Friday, September 4, 2009
Students research the history of Mennonite youth ministry
GOSHEN, Ind. – Goshen College students Josh Hertzler and Anna Showalter teamed up with Campus Pastor Bob Yoder through the college's Maple Scholars program to go through archives and to take a deeper look into the history of Mennonite youth ministry.
Maple Scholars is Goshen College's eight-week summer program, which took place June 8 to July 31, and provides students an opportunity to work one-on-one with a faculty member on a focused project.
This year's research project was part of a larger project Yoder is working on that is extending over three years, and Showalter and Hertzler's projects have the potential of being a part of a book he is working on about youth ministry. It will include seven to eight essays written by various people. According to Yoder, there really are not very many books available that talk about Mennonite youth ministry.
Last summer marked the start of Yoder's research project as two students, Matthew Harms and Jonny Meyer, studied the history and practice of 20th century Mennonite youth ministry. "Specifically, Harms studied one-week service mission's trips and their affect on youth, while Meyer studied Mennonite Youth Fellowship (MYF) between the years of 1948-1968 when MYF was more formal and had its own convention with delegates," Yoder said.
As history majors, Hertzler and Showalter have enjoyed the opportunity to dig into the archives and do research this summer. While Showalter found the beginning processes of picking a topic and starting the research a challenge, Hertzler knew early on what he wanted to study. "The best part has been spending time learning something that is an important part of the Mennonite church," said Hertzler, a junior from Marietta, Pa.
Showalter, a senior from Waynesboro, Pa., looked at the Young People's Conference (YPC) involving Goshen College students that lasted from 1920 to 1923. "In a post World War I era, young visionaries were returning home to the old Mennonite church having experienced intense situations leading them to change their views of the world," Showalter said. "They had developed ideas of what the church should be and became critics of the current church setting."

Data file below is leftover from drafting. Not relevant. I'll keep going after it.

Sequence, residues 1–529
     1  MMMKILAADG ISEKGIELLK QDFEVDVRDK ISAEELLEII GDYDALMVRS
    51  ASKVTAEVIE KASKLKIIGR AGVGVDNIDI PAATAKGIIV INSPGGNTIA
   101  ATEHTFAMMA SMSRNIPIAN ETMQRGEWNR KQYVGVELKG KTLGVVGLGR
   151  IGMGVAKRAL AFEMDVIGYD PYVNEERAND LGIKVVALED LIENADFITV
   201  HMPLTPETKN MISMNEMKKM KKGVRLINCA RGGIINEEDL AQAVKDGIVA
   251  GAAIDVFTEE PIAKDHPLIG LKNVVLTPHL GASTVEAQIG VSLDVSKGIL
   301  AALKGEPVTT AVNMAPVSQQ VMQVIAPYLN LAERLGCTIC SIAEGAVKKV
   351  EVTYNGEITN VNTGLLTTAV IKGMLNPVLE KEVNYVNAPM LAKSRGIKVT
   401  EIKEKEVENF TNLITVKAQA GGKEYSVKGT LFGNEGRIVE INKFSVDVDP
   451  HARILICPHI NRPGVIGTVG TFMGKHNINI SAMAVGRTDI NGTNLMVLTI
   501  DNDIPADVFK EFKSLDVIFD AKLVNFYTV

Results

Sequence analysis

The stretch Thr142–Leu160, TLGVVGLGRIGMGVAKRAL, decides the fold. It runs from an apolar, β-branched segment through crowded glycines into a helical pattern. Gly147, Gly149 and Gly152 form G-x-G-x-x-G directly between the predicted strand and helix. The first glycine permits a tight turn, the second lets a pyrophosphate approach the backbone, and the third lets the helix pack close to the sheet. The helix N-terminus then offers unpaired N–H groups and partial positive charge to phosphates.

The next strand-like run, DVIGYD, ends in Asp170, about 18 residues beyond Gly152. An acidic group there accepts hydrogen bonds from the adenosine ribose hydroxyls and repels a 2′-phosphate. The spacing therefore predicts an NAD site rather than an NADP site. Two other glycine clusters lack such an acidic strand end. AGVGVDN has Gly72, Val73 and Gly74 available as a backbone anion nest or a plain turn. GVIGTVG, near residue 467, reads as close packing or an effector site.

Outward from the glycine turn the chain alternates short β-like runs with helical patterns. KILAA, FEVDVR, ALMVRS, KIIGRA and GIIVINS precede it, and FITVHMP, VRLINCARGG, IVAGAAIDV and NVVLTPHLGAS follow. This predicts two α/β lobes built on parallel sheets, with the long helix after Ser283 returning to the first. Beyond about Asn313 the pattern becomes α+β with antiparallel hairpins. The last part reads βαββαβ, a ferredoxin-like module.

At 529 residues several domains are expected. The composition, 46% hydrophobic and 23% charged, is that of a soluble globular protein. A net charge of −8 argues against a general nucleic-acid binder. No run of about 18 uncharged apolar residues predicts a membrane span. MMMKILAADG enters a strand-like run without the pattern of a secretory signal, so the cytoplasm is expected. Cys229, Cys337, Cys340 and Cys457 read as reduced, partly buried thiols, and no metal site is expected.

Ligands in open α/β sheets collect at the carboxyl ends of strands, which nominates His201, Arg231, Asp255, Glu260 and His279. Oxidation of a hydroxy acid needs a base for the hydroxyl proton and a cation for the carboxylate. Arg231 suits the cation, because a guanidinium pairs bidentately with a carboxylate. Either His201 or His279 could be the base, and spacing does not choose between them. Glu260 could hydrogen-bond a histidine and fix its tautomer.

YPC had a vision of giving young people a voice in the church and for the church to become more aware of the needs of the world. Showalter said, "Politics of the old Mennonite church of the time got in the way and the controversy brought an end to YPC."
While the YPC ended, "the vision had a lasting impact on the church and the church started the Young People Problems Committee and other youth institutes," explained Showalter.
Hertzler decided to take a deeper look at Mennonite camping and why the camping experience is vital to Mennonite youth and the church. "I attended camp as a kid, worked there as a counselor and music leader," said Hertzler. "Camp has always been one of my greatest passions in the church and it is a big part of Mennonite youth ministry."
Through his project, Hertzler argued for the need of a positive, reciprocal relationship between Mennonite Camping Association (MCA) and Mennonite Church USA. "MCA was started in 1960 with the intention of being a common ground throughout the Mennonite camps, keeping communication open between the camps," Hertzler said, "What seems to be missing is more than an official relationship with Mennonite Church USA, a relationship that provides more support."
In the course of his research, Hertzler learned that in the summer of 1968, 11,000 youth attended a Mennonite camp. Why was there such a draw for Mennonite camping? Hertzler believed it is because the positive effect camp has on all of those involved. "The camping experience is valuable for Mennonite youth as it promotes faith development, the nurturing evangelism, adult leadership skills, environmental education and other values," Hertzler said.
According to Yoder, there is a likelihood the essays will show up in his book about youth ministry that he hopes will serve as an encouragement for the wider church.
-By Julie Weirich
Editors: For more information about this release, to arrange an interview or request a photo, contact Goshen College News Bureau Director Jodi H. Beyeler at (574) 535-7572 or email@example.com.
Goshen College, established in 1894, is a residential Christian liberal arts college rooted in the Anabaptist-Mennonite tradition. The college's Christ-centered core values – passionate learning, global citizenship, compassionate peacemaking and servant-leadership – prepare students as leaders for the church and world. Recognized for its unique Study-Service Term program, Goshen has earned citations of excellence in Barron's Best Buys in Education, "Colleges of Distinction," "Making a Difference College Guide" and U.S. News & World Report's "America's Best Colleges" edition, which named Goshen a "least debt college." Visit www.goshen.edu.